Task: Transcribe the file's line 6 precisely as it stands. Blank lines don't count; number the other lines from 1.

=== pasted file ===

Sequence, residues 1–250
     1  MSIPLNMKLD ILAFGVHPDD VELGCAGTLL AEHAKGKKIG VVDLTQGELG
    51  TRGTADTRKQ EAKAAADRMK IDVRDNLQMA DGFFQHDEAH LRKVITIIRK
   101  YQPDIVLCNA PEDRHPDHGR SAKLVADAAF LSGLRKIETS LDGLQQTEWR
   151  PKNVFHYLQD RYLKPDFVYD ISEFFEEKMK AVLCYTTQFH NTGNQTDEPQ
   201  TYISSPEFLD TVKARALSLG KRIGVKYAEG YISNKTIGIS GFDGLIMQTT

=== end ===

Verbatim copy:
   201  TYISSPEFLD TVKARALSLG KRIGVKYAEG YISNKTIGIS GFDGLIMQTT